A powerful experience led Iris Dement into The Trackless Woods, the songwriter’s sixth album. Based on the work of celebrated modernist Russian poet Anna Akhmatova, the record is due out August 7 on her own FlariElla Records label. Dement discovered Akhmatova accidentally when she opened an anthology of Russian verse lent to her by a friend. Instantaneously, Dement felt directed.
“I read ‘Like A White Stone.'” she tells Exclaim! “I’ll tell you the truth — I felt like somebody tapped me on the shoulder and said, clear as day, ‘Iris, set that to music.’ It did not come out of some conscious desire on my part; I had no plan to do anything like that. I said, ‘I don’t know how to do that,’ and I heard, clear as day, ‘I will help you.’ I know that’s not a very modern story, but that’s the story.”
Dement hasn’t had prolific output in recent decades: fans waited eight years between 1996’s The Way I Should and 2004’s Lifeline (comprised of mostly traditional Protestant gospel songs); and another eight years for 2012’s Sing The Delta, a soulful collection of originals deeply rooted in personal history and a strong sense of place. Dement dove head first into Akhmatova and lingered there a while, spending four years on the project. “I got on such a roll that since then [the album was finished] there are a couple I’ve done that I really love, but it’s time to let Anna rest.”
Creating an album of songs adapted from poems was a new kind of undertaking for Dement; despite her status as a beloved veteran songwriter, Dement has never considered herself a poet (“I was scared to death of poetry when I was growing up,” she says, “I’m going back to grammar school here, but the way it was presented was so rule based”), nor does she write lyrics first. “I’ve recently realized I have more melody in me, really, than lyrics,” she says.
Though some of the melodies came easily, Dement says she had to tinker with others until she got it. “The only way I know how to describe it is, I would feel like I walked inside of the poem,” she says. “I would go from reading something and understanding it in my head to understanding it in that deeper level, in my heart. And that was when I knew that that was the melody that needed stay with that song, with that poem.”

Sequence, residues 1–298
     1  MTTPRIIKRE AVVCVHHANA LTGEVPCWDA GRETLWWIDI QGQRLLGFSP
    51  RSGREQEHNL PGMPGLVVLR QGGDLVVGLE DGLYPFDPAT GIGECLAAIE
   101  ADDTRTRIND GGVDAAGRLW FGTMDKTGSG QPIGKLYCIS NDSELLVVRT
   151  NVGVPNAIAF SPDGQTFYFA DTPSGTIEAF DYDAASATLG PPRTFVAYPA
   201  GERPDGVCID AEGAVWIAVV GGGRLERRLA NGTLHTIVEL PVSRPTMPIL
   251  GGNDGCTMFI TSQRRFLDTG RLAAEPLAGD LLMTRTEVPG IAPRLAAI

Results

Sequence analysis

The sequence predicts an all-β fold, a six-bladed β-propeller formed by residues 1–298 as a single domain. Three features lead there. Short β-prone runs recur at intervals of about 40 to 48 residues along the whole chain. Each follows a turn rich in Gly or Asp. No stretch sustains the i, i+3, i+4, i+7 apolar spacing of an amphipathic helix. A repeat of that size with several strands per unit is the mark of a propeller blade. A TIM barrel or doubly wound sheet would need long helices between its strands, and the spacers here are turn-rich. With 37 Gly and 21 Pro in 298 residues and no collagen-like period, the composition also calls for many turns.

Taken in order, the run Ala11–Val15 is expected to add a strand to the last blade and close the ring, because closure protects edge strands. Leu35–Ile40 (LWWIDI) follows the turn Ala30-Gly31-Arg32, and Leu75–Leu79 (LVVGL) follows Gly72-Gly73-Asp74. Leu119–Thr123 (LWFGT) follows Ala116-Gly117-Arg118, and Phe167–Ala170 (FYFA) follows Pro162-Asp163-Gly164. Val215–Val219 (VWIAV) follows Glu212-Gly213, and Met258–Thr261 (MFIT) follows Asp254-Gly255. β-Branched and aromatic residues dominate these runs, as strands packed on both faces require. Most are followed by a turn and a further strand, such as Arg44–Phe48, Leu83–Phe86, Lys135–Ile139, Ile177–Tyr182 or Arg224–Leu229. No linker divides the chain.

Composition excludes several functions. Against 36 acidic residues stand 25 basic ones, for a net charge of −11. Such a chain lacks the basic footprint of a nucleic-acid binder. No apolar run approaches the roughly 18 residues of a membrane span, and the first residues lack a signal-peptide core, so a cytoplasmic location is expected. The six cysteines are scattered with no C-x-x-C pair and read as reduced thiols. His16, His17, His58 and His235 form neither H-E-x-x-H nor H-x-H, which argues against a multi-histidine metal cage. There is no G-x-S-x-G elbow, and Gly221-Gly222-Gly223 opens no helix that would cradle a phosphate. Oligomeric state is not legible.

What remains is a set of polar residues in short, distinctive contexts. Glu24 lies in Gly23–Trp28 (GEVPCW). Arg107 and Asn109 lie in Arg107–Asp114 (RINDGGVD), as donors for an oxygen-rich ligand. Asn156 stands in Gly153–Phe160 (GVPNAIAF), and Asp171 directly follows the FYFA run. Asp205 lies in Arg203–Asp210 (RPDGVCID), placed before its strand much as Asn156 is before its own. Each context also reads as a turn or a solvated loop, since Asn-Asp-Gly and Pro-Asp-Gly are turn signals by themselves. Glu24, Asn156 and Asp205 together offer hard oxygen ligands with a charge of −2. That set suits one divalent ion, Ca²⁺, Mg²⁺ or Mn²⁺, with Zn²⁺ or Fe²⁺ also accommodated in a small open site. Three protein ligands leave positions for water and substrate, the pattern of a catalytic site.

Dement’s life lies in stark contrast with Anna Akhmatova’s: the Russian poet survived Stalin’s reign of terror and the two world wars; her son, Lev, was imprisoned in the Gulag, and she lost many loved ones. She was also forced to write in secret while her books were banned by her government.
Because of these differences (and because it was too long for Dement to make into a song), Dement avoided Akhmatova’s famous “Requiem,” drawing instead from shorter poems that spanned the poet’s life.
“I didn’t feel like I had any business,” says Dement. “That’s her standing outside the walls of these prisons, trying to visit her friend. Standing there with other women in the freezing cold, who are starving; standing there for hours and hours to deliver a piece of bread for a loved one. It’s about people dropping dead on the streets… I felt that it would be dishonouring the story to even go there.”
Dement did, however, take a few lines from “Requiem” for a song called “The Souls Of All My Dears” based on lines from various Akhmatova’s poems. “It’s not an Akhmatova piece,” says Dement. “But I felt like the mood of it, the spirit of it, captured a lot of the quality of her life — which was a lot of sorrow, a lot of loss.”
Dement says that Akhmatova’s verse has upped the ante in her own writing since. “There’s more open space than there was before,” she says of the influence. “I was enthralled with her ability to communicate, to get to the heart of something. I’ve always been drawn to the old country music that doesn’t have a lot of words or a lot of chords, but yet delivers this vast message. Hymns have that; the really good hymns that have stood the test of time. And I feel like Anna has that, big time, in her poetry.”